Trafficking women is a booming industry in India. Varied estimates tend to show that there more than 1.5 million trafficked victims in the commercial sex industry in India. Another trap awaiting young girls is prostitution, forced prostitution or literally, sexual slavery. Particularly if the family is poor, they may be more easily deceived by promises of a good-paying job or marriage proposal. As of 2002, eighty-percent of all India’s prostitutes were sold, like slaves, between the ages of 14 and 16, for prices ranging from 40 cents to a thousand dollars. Id. From more recent reports, the age of girls involved in forced prostitution is drastically dropping due to myths or superstitions, including the false belief that younger girls cannot spread AIDS.
The Deputy Director of UNICEF stated that “An estimated 1.2 million children are traded by smuggling and prostitution rings each year…More than 30 million women and children throughout Asia and the Pacific have been trafficked over the past 30 years – the ‘largest slave trade in history.’ The number of victims is on the rise and the Internet has helped foster the multibillion-dollar trade,” at a two-day child trafficking symposium in Tokyo on February 20, 2003. The State Department’s Trafficking Report, Released by the Office to Monitor and Combat Trafficking in Persons, June 11, 2003, states that “India is a country of origin, transit, and destination for thousands of trafficked persons. Internal trafficking of women, men, and children for purposes of sexual exploitation, domestic servitude, bonded labor, and indentured servitude is widespread.”
While there are many prosecutions and convictions taking place, “India has numerous federal laws criminalizing trafficking for sexual exploitation and labor. The Immoral Traffic (Prevention) Act (ITPA) prohibits trafficking in persons, criminalizes sexual exploitation, and provides enhanced penalties for offences involving minors.” Id. However, “[d]uring investigations, police frequently do not utilize all provisions of the ITPA and, as a result, may minimize potential criminal penalties against traffickers and brothel owners for exploiting minors.” Id.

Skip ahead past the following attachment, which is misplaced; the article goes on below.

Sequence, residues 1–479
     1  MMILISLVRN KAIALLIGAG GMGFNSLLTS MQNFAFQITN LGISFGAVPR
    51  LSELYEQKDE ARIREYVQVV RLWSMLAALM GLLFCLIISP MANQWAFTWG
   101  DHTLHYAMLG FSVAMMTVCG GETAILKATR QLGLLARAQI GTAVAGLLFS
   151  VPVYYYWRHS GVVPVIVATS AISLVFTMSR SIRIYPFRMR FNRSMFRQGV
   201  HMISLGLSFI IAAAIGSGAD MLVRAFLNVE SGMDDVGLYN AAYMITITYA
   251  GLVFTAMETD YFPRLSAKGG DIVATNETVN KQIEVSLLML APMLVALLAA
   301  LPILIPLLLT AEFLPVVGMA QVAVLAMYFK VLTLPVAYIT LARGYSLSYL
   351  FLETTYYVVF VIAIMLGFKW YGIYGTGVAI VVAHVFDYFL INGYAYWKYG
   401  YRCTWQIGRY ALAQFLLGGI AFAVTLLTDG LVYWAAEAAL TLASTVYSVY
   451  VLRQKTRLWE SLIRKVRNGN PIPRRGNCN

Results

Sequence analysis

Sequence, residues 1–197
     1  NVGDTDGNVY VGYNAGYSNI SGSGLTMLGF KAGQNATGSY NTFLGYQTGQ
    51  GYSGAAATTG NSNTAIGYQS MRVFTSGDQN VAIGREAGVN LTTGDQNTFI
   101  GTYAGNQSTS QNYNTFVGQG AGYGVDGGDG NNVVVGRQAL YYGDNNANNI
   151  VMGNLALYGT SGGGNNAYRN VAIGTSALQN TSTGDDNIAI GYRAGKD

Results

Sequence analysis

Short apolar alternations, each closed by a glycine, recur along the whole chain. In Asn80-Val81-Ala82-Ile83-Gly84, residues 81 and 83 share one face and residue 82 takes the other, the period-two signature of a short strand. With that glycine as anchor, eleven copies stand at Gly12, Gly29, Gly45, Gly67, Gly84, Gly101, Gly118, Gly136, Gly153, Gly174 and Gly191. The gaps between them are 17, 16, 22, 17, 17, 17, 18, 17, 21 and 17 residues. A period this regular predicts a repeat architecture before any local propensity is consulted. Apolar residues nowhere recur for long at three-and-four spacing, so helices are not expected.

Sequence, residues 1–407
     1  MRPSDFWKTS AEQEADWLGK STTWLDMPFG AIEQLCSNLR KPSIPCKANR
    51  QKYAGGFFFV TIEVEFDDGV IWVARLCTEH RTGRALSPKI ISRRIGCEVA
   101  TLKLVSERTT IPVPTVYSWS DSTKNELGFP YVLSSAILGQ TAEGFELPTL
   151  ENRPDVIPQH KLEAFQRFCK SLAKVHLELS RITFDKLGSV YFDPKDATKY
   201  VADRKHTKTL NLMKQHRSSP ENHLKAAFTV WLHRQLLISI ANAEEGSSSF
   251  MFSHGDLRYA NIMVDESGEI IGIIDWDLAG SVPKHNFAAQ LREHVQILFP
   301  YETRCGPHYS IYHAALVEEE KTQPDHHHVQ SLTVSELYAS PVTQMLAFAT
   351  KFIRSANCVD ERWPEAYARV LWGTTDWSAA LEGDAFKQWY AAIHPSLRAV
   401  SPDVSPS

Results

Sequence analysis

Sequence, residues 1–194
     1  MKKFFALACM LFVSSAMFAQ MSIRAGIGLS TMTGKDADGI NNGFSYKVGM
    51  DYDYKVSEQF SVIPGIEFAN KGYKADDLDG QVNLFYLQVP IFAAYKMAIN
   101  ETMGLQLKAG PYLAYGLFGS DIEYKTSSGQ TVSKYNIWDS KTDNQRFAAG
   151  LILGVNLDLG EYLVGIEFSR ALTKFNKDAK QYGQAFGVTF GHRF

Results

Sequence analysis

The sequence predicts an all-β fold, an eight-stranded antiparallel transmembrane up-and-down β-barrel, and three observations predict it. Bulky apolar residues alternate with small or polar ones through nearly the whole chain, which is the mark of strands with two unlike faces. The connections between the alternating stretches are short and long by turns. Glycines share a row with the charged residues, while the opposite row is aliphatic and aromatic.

Among the difficulties in fighting trafficking is the fact that low-level border guards and other law enforcement officials have taken bribes, tipped off brothels to raids, or simply turned a blind eye to trafficking across borders. Id. India’s Central Bureau of Investigation (CBI) is charged with investigating allegations of corruption, bribe taking, or collusion of public officials and law enforcement trafficking. In a case involving successful prosecution of foreign exploitation, the CBI, in cooperation with law enforcement in Goa, investigated a trafficker, a citizen of New Zealand, who - under the guise of running an orphanage for destitute children - sexually abused the children and supplied them to foreign tourists for sexual abuse and pornography. Id. The ringleader was sentenced to life imprisonment. Id. CBI has requested extradition of six other foreign nationals (of Sweden, New Zealand, Australia, Germany, Thailand/UK, and France). Id.
It is almost imp0ossible to imagine the circumstances in which individuals end up in the Red Light District, the abusive treatment of them within the Red Light District, problems with sexually transmitted diseases - particularly AIDS, and the difficulty in getting out of the Red Light District.
The life of a female in Asia generally is meager. “Each year thousands of baby girls are murdered by their own mothers, simply because they are female.” Beauty for Ashes, GFA publication, September/October 2002. Out of 1,250 women recently polled in the state of Tamil Nadu, more than half had killed baby daughters. Id. “This sort of infanticide has gone on for hundreds of years.” Id. Demographic studies done in 18 th century India revealed that some villages had six times as many boys as girls, while others had no girl babies at all. “Since 1900, the national ratio of women to men in India has continued to drop.” Id.
Girls also have difficulty getting adequate nutrition, which contributes to their difficulty in surviving to adulthood. In Nepal and Bangladesh, one out of every four girls dies before the age of five; and 25 percent of the girls born in India every year die by the age of 15. Id. Some girls work an eight-hour workday.
In many ways, Dalit women are treated as the lowest of the low. Therefore, it is important to recognize and remind the international community that the Indian Constitution guarantees women equal rights. See e.g. Article 14 – Equality before law, Article 15 – prohibition of discrimination, Article 16 – Equality of opportunity in matters of public employment. Meanwhile, Article 3 of the International Covenant on Civil and Political Rights also states that the parties to the Covenant undertake “to ensure the equal right of men and women to the enjoyment of all civil and political rights set forth in the present Covenant.”
Yet, the State is not prohibited from making a special provision for women and children. See India Constitution, Article 15 (3). However, an increase in penalties for women under the anti-conversion laws does not constitute a special provision. The law provides no rationale or basis for requiring the harsher penalties. Thus, a the woman’s free and equal dignity and right to choose and practice her religion freely, to which she is entitled under the Universal Declaration of Human Rights, the International Covenant on Civil and Political Rights, the Indian Constitution, and endowed by her Creator, are violated.